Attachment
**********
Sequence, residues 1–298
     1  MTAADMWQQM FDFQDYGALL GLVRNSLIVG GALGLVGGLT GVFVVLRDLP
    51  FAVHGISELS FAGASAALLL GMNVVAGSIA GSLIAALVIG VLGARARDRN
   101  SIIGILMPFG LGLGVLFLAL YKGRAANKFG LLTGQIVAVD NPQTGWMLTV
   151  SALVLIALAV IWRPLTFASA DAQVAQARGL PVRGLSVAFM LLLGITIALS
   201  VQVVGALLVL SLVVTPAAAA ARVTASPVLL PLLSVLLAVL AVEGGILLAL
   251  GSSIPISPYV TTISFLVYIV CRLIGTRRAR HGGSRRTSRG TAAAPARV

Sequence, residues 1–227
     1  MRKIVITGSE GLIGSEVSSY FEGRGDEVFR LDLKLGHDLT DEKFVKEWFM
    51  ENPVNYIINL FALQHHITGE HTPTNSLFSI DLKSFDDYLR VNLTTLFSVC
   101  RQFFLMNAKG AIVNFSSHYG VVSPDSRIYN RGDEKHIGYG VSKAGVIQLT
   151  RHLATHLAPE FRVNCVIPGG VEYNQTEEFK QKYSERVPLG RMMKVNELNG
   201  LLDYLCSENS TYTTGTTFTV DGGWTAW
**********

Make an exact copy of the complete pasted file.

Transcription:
Sequence, residues 1–298
     1  MTAADMWQQM FDFQDYGALL GLVRNSLIVG GALGLVGGLT GVFVVLRDLP
    51  FAVHGISELS FAGASAALLL GMNVVAGSIA GSLIAALVIG VLGARARDRN
   101  SIIGILMPFG LGLGVLFLAL YKGRAANKFG LLTGQIVAVD NPQTGWMLTV
   151  SALVLIALAV IWRPLTFASA DAQVAQARGL PVRGLSVAFM LLLGITIALS
   201  VQVVGALLVL SLVVTPAAAA ARVTASPVLL PLLSVLLAVL AVEGGILLAL
   251  GSSIPISPYV TTISFLVYIV CRLIGTRRAR HGGSRRTSRG TAAAPARV

Sequence, residues 1–227
     1  MRKIVITGSE GLIGSEVSSY FEGRGDEVFR LDLKLGHDLT DEKFVKEWFM
    51  ENPVNYIINL FALQHHITGE HTPTNSLFSI DLKSFDDYLR VNLTTLFSVC
   101  RQFFLMNAKG AIVNFSSHYG VVSPDSRIYN RGDEKHIGYG VSKAGVIQLT
   151  RHLATHLAPE FRVNCVIPGG VEYNQTEEFK QKYSERVPLG RMMKVNELNG
   201  LLDYLCSENS TYTTGTTFTV DGGWTAW